8. 4 Inheritance
    (pp. 74-98)

    Perhaps because of the legacy of the ethic of individual achievement and the obsessive concern with the agricultural ladder, few studies of inheritance were made before the 1940s.¹ By the war years, policy makers and Agricultural Experiment Station researchers in the Midwest began to realize that the tenure system was changing, and they became interested in the intricacies of intrafamilial transactions. Without academic guidance, corn-belt families had been passing on their farms to their relatives for several generations. Indeed, the classic investigation by Kenneth Parsons and Eliot Waples in Manitowoc, Wisconsin, set out to learn something from farmers who had...

  9. 5 Credit
    (pp. 99-126)

    Without credit farmers cannot function. Cash flow is limited for all but certain specialists such as dairy farmers. Even in the late nineteenth and early twentieth centuries, when the egg money often provided farm families with a steady source of income, only the most frugal farmers avoided borrowing money for land purchases or operating and living expenses. Credit influenced land tenure and inheritance and, like them, was affected by the changes in the structure of agriculture in the twentieth century.

    Much borrowing was local and noninstitutional—fathers and sons, between neighbors, or through seller mortgages. Farm families, are, to use...

  10. 6 Family
    (pp. 127-157)

    In Iowa and the Central Valley, some families and communities have survived and prospered despite the disruptions that have beset agriculture in this century. So far, the many challenges farm families have faced have been discussed in general terms. Now it is time to examine the record in greater detail to try and understand why, in an occupation characterized by massive out-migration, contraction, and concentration, certain families managed to remain on the land.

    Traditionally, corn-belt farming has favored the family-type or tenant-type farm. Here, owners or tenants have done the managing, and they or their families have supplied the labor....

  11. 7 Community
    (pp. 158-189)

    The hundreds of towns founded in the nineteenth century to serve Iowa farmers formed a continuum from crossroads hamlet to county seat; the main function of such centers was to permit local farmers to conduct their business without traveling too far from home. The same principle held true in the Central Valley. The formation of Kings County in 1893 was a classic case in point. An Iowa-born newspaper editor drummed up enough support for the secession of the area that would become Kings from Tulare County, basing his campaign on the issue that Visalia, the county seat of Tulare, was...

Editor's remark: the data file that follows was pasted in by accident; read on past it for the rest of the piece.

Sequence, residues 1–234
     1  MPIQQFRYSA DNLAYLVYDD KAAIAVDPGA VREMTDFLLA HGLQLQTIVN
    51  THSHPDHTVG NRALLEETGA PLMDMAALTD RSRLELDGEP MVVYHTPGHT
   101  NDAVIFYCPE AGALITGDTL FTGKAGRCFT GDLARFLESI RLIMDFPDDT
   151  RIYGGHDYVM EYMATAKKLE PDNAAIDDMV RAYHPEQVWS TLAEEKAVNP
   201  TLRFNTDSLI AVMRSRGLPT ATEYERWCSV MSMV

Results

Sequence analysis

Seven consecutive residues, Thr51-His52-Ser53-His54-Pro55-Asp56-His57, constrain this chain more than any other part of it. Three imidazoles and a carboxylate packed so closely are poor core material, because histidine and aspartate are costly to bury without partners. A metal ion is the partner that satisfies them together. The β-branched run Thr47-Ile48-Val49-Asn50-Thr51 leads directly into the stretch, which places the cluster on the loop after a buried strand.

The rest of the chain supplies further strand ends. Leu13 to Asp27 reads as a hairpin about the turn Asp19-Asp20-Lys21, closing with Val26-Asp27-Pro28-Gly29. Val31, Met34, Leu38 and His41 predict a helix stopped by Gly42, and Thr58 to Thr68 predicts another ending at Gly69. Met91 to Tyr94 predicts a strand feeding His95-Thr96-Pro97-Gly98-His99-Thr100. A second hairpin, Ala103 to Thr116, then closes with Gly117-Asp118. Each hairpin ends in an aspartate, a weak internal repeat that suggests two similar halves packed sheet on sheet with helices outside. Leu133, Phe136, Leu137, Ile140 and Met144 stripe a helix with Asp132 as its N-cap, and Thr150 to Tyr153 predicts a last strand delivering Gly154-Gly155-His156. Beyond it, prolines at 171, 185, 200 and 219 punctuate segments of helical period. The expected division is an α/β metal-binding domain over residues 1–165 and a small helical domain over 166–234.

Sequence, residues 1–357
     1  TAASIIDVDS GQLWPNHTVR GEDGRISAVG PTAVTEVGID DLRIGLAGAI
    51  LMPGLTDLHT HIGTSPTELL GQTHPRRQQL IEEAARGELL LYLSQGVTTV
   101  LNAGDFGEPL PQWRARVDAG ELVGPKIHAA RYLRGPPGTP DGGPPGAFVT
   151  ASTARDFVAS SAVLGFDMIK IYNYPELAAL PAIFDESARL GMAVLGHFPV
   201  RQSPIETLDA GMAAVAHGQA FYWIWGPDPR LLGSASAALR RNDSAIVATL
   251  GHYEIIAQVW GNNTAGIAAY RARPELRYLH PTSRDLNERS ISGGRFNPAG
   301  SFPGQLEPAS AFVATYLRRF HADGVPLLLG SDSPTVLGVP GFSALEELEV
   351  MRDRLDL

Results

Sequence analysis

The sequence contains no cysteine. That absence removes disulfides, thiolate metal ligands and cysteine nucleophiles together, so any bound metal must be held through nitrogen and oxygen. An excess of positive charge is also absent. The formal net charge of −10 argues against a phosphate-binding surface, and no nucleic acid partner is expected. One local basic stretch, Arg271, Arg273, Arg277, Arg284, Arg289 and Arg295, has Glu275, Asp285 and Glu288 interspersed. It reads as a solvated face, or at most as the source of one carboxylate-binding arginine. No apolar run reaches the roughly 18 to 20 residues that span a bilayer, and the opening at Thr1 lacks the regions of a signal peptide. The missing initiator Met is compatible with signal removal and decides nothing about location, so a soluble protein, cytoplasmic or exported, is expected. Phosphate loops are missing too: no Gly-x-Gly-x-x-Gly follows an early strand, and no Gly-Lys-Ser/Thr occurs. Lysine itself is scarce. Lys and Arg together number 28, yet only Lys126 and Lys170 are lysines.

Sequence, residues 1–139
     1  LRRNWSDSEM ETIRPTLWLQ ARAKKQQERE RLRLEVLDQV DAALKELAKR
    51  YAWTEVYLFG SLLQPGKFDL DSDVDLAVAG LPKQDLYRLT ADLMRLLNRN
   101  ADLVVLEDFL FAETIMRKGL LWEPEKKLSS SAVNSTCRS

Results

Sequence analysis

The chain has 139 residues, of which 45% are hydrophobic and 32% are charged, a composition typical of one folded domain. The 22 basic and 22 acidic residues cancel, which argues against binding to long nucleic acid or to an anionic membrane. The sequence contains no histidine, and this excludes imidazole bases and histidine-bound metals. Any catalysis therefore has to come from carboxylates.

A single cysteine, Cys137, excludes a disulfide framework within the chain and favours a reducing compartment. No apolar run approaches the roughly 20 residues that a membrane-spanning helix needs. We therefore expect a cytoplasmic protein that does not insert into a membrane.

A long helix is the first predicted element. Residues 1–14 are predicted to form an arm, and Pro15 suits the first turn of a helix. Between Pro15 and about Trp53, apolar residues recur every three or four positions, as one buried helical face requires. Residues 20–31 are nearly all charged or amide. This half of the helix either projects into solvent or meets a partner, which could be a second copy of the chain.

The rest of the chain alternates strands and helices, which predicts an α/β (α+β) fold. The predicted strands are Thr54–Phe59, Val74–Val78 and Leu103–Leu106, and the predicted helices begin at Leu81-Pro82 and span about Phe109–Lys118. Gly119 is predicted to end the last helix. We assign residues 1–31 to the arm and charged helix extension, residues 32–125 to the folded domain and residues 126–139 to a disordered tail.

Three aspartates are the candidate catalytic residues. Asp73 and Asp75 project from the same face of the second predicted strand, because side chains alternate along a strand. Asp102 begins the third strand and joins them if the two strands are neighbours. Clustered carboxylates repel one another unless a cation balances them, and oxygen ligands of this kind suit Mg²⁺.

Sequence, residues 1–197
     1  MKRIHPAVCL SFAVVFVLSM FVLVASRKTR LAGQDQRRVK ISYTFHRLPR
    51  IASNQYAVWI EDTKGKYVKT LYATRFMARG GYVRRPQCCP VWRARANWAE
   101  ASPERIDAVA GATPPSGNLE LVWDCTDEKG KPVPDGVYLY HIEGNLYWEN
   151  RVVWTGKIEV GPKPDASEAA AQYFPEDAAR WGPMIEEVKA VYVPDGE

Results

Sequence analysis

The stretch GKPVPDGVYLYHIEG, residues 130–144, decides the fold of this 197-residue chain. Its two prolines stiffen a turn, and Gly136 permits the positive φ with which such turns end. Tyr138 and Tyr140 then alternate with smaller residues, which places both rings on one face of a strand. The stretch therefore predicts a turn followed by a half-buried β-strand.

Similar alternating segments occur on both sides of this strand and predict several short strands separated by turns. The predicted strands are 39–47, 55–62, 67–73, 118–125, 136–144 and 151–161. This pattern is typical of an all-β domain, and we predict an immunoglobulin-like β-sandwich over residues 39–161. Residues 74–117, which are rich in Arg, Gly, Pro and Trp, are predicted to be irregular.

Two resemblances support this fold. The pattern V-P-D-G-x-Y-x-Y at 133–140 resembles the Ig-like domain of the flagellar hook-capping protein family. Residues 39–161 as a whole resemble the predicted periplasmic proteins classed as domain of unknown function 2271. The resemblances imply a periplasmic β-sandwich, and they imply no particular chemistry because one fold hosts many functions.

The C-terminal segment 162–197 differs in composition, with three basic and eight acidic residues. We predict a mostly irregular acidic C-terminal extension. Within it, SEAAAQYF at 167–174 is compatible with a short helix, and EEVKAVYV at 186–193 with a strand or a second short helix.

12. 8 Corn-Belt Crisis
    (pp. 190-222)

    Because of the complexities of the farm crisis in Iowa and the many actors involved, it is useful to provide a schematic chronology of events, while introducing the protagonists. The crisis went through five stages. As table 14 shows, the process began in 1981 during an inflationary spiral that gave little hint of what was to come. The next stage, from 1982 to 1983, was a phase of collective denial, when most of the farm community was apathetic to what was beginning to occur and those who did appreciate the trends were ignored. During 1984 and the first two months...

  13. 9 Central Valley Crisis
    (pp. 223-245)

    The farm crisis slowly gathered momentum, and eventually it affected all farm regions, including the Central Valley. Although California agriculturists often preferred to use the term “deep recession” and usually made a point of emphasizing the state’s exceptionalism—the diversity of crops and the more balanced economy in the Central Valley—essentially a similar scenario of doom and gloom had developed there by the end of 1985.¹ In addition, early in 1985 high concentrations of selenium were discovered in irrigation drainage water of the Westlands Water District. This major ecological threat would pose a serious challenge to the long-term health...

  14. Conclusion
    (pp. 246-251)

    Whither the family farm? Is it possible to discern a major watershed in the structure of American agriculture in the middle eighties using the evidence assembled in two important farm states? The short answer would have to be “not yet.” The historical precedent of the 1920s and 1930s seems to suggest that change is unlikely to be rapid. If the experience of those decades is largely irrelevant from an economic and structural point of view, something can be learned from what might be called the mechanics of recovery in those days. The psychological impact of the Depression on farmers was...

  15. A Note on Sources and Methods
    (pp. 252-253)
  16. Notes
    (pp. 254-277)
  17. Index
    (pp. 278-282)